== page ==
The Children’s Hospital of Eastern Ontario (CHEO) is proud to officially endorse Rowan’s Law, a private members’ bill in the Ontario legislature that aims to find better ways to prevent and treat concussions in children and youth and prevent tragic deaths like that of Rowan Stringer in 2013.
Rowan was a fun-loving and energetic girl who had a passion for sports. In 2013, while playing rugby, she suffered three concussions in a short period of time. Unfortunately, she never realized the severity of her injuries and sought the appropriate care. Her untreated concussions lead to Second Impact Syndrome. Rowan passed away on May 12, 2013 at the age of 17.
CHEO neurosurgeon Dr. Michael Vassilyadi treated Rowan in her final days. He believes, as many do, that Rowan’s death could have been prevented. So far in 2015, CHEO has seen 1,013 concussion patients in its Emergency department, up from 961 in the same period last year.
“Thanks to Rowan’s Law and its advocates, more people than ever before are beginning to recognize the symptoms and to understand the severity of concussions. This awareness will play a large role in preventing the long-term impacts caused by concussions as well as tragedies like Rowan’s,” said Alex Munter, CHEO’s President and CEO.
“Untreated symptoms of concussion affect day-to-day functioning and can have very negative long term consequences,” says CHEO’s Dr. Vassilyadi. “Children can experience many symptoms including physical symptoms, cognitive impairment, psychological and personality changes.”
CHEO is a big supporter of efforts to increase concussion awareness and treatment. CHEO’s concussion clinic has seen 128 new patients and 259 follow-up patients in the past year, helping them to recover from the long-term effects of concussion. The CHEO Concussion Clinic also takes a role in teaching medical students, residents and fellows to better care for concussions and is currently involved in two national studies aiming to improve concussion care for children. Furthermore, Dr. Roger Zemek, a scientist and CHEO emergency room physician, led a network of international concussion experts to create the world’s first comprehensive pediatric concussion guidelines.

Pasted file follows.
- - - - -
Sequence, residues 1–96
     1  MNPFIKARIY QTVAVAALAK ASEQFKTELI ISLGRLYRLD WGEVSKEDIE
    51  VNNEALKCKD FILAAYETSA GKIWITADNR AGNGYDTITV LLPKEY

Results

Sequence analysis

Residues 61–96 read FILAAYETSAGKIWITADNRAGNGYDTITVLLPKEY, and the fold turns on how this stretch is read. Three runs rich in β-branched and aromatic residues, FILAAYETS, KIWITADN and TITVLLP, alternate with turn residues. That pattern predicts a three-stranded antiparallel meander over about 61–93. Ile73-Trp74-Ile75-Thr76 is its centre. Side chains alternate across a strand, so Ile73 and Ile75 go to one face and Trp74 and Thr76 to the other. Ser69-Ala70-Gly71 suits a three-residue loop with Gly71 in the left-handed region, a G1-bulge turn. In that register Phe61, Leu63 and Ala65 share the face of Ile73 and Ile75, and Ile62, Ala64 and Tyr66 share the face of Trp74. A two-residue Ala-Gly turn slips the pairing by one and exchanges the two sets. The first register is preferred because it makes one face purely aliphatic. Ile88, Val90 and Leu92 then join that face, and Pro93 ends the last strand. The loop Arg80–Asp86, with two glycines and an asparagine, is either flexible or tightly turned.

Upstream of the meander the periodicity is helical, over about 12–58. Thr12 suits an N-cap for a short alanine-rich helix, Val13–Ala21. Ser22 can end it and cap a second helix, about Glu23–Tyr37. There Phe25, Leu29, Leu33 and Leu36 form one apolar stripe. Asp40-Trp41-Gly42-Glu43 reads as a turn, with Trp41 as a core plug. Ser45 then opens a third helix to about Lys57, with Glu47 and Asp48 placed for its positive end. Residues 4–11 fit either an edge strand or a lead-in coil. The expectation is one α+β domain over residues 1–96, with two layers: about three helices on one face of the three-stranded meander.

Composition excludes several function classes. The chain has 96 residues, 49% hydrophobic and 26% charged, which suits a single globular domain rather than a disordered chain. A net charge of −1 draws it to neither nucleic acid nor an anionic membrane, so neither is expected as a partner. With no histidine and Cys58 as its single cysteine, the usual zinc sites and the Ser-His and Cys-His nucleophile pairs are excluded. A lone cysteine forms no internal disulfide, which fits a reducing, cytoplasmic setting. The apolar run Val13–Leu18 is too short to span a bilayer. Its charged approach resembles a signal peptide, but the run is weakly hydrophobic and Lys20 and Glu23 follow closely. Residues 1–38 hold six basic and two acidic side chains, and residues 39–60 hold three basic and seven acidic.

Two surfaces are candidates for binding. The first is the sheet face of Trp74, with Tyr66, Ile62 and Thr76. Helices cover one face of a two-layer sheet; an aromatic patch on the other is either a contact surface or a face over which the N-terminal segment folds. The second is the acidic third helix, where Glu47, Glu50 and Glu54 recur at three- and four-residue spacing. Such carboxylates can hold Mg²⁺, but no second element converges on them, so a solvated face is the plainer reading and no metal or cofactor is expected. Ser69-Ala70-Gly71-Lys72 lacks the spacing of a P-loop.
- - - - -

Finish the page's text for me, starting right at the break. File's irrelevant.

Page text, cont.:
A coroner’s inquest into Rowan Stringer’s death led to 49 recommendations to enhance concussion awareness and treatment. These recommendations include: making concussion awareness mandatory in Ontario’s curriculum, an annual Brain Day awareness campaign, and better ways for coaches and players to identify and treat concussions.
Family and friends of Rowan have launched an Ontario-wide campaign to support “Rowan’s Law” which would create an expert advisory committee to Ontario’s Premier that would advise on the implementation of Ontario-specific recommendations.
Bill 149, Rowan’s Law Advisory Committee Act, was introduced at Queen’s Park on November 25 by Nepean-Carleton MPP Lisa MacLeod, Ottawa South Liberal MPP John Fraser, and NDP Kitchener-Waterloo MPP Catherine Fife, and is scheduled to be debated on December 10.
The Children’s Hospital of Eastern Ontario (CHEO) is the pediatric hospital of Canada’s capital and helps over 500,000 children and youth each year. CHEO has more than 2,500 doctors, nurses and staff dedicated to providing the best possible care for the children and youth of Eastern Ontario, Western Quebec, Nunavut and parts of Northern Ontario.
CHEO works closely with the University of Ottawa as a teaching hospital and fosters groundbreaking research through the CHEO Research Institute. CHEO’s vision is to change young lives in our community, while our innovation changes young lives around the world. www.cheo.on.ca
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